The lighting system creates light to make sure you can see and that you are seen, during the day or at night, increasing driving visibility and showing other road users the size of your vehicle, your position and your direction.
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Depending on their position on the car, lighting devices can be grouped into three macro families:
Other system components include the control units, the levelling motors,
the headlight washing systems and the third brake light. A fundamental
component in most of these products is the bulb, which comes in various types according to position and function.
The headlights are the main component of the car's lighting system, and one of the basic elements of the active safety concept.
They light up the road in front of us, allow us to see at night and
make us more visible to those coming from the opposite direction.
The headlights operate as dipped beam headlights, main beam
headlights and side lights. In some cases, the front direction
indicators may also be a part of this system. Dipped beam
is the most commonly used function. It offers a beam which is around 80
metres long and 50 metres wide, which should not dazzle or irritate
drivers coming from the opposite direction.
The main beam function increases road visibility for
a longer stretch; in the case of Xenon headlights, the beam can reach
for almost 250 metres.
The side lights make the vehicle visible to others,
just as the direction indicators are used to show pedestrians and cars
coming in the opposite direction that we intend to turn.
The beam distribution is controlled by the use of reflectors (or parabolic reflectors). The headlight alignment adjustment regulates
the angle of the beam, allowing us to see and be seen without dazzling
other road users. This became mandatory on all vehicles in Europe in
1996. It may be automatic or adjustable from inside the vehicle.
The need for improved lighting performance, increased comfort and better design has led to the development of new lighting systems.
The first Xenon headlights arrived towards the end of the 1990s,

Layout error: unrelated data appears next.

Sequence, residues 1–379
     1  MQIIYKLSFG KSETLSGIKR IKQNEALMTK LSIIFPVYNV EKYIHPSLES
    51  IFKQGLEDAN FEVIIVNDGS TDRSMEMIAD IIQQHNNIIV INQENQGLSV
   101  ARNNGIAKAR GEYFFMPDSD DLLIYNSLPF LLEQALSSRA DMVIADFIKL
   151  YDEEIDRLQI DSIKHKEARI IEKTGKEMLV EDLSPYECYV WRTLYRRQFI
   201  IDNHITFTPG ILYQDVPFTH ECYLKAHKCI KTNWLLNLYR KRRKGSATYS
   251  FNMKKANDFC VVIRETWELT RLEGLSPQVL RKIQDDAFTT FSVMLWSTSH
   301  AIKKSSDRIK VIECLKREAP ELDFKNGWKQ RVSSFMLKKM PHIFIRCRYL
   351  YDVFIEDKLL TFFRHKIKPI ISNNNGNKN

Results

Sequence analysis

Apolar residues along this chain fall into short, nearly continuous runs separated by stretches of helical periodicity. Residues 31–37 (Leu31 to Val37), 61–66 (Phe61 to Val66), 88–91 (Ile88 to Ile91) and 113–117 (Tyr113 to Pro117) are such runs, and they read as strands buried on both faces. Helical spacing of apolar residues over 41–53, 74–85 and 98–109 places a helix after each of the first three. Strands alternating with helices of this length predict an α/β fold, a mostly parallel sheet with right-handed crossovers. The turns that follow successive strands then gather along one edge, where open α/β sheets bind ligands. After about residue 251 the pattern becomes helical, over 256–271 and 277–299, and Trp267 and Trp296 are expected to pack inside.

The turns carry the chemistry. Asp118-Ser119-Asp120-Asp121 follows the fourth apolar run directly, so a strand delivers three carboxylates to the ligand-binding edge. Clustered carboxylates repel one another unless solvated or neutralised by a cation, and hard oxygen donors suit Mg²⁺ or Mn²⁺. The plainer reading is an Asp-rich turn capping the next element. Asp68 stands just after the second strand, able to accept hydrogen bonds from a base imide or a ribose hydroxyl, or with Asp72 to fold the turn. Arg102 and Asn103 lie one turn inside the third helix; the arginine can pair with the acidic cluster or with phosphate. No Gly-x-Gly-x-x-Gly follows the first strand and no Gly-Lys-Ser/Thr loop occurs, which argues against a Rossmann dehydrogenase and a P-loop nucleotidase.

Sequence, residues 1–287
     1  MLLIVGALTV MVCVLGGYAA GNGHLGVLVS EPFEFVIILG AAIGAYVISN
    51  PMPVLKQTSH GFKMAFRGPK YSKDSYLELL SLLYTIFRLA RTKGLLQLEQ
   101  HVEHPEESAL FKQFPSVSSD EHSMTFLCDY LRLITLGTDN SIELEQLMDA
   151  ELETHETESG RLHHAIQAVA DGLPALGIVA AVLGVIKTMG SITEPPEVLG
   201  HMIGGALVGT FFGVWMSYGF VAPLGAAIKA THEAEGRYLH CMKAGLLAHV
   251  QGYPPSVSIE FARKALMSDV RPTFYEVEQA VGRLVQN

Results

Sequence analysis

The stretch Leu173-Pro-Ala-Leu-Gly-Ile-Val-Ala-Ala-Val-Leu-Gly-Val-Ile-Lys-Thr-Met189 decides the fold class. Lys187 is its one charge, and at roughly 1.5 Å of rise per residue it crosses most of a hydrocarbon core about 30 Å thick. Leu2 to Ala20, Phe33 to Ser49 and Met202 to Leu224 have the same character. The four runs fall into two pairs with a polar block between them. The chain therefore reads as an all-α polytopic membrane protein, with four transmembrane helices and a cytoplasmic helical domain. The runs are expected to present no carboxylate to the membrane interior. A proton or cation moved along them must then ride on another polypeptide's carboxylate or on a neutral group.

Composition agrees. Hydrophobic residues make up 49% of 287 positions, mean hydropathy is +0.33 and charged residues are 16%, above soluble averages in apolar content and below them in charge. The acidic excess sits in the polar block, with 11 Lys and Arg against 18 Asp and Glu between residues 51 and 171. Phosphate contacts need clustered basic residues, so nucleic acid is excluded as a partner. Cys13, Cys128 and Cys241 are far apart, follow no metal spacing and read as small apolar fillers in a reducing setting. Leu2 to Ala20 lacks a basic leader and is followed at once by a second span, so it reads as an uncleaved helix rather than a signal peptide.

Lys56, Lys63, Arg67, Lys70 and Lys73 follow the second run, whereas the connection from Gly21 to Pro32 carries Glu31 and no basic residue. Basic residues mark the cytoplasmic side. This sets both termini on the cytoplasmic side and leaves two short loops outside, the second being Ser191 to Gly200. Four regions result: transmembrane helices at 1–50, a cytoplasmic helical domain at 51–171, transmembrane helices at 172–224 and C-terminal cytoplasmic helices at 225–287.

using gas discharge bulbs, and named due to the presence of Xenon in the
bulbs. This is an inert gas which lights up when a
high voltage is applied between the two electrodes inside the bulb. The
initial voltage to induce the discharge must be brought to 20,000 V by a
control unit (or ballast) which, after the ignition phase, brings the
voltage to 85 V with a high light efficiency.
Xenon headlights must be fitted with automatic alignment adjustment
and a headlight washing system to ensure optimum performance. Xenon
headlights emit a white light similar to daylight, for unbeatable driving comfort.
LEDs have been used in car headlights since 2009.In contrast to Xenon or halogen headlights, LED headlights function using a cold light source which is generated by passing a current through a microchip. The solid state construction means that their estimated lifetime is around 10 times that of a halogen bulb.LEDs offer substantial benefits in terms of energy consumption, design and comfort, and are becoming ever more popular.
Fog lights are additional headlights used to improve visibility in bad weather and specifically in the case of fog. These lights illuminate "underneath" the fog, and for this reason they are positioned lower down than normal headlights. Fog lights illuminate the layer between the road surface and the fog, which usually forms a few centimetres from, but never touching, the ground.
Fog lights with cornering function are lights which are activated when the dipped beam headlights are switched on at speeds of less than 40 km/h, for wide steering angles or when the direction indicators are used. They light up the vehicle's turning angle, widening the field of vision and improving night time visibility
All new cars manufactured and registered after January 2011 must be fitted with a front illumination function which is always switched on, known as the Daytime Running Light or (DRL).
The purpose of this function is to improve road safety by:
On every car there are three different direction indicators positioned at various points on the vehicle: front, side or rear. Their role is to indicate to other road users the direction we want to take, especially at crossroads or turnings.